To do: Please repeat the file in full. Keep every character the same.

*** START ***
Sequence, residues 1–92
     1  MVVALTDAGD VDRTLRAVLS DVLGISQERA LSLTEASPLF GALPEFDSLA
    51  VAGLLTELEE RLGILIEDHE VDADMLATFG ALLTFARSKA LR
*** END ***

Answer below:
Sequence, residues 1–92
     1  MVVALTDAGD VDRTLRAVLS DVLGISQERA LSLTEASPLF GALPEFDSLA
    51  VAGLLTELEE RLGILIEDHE VDADMLATFG ALLTFARSKA LR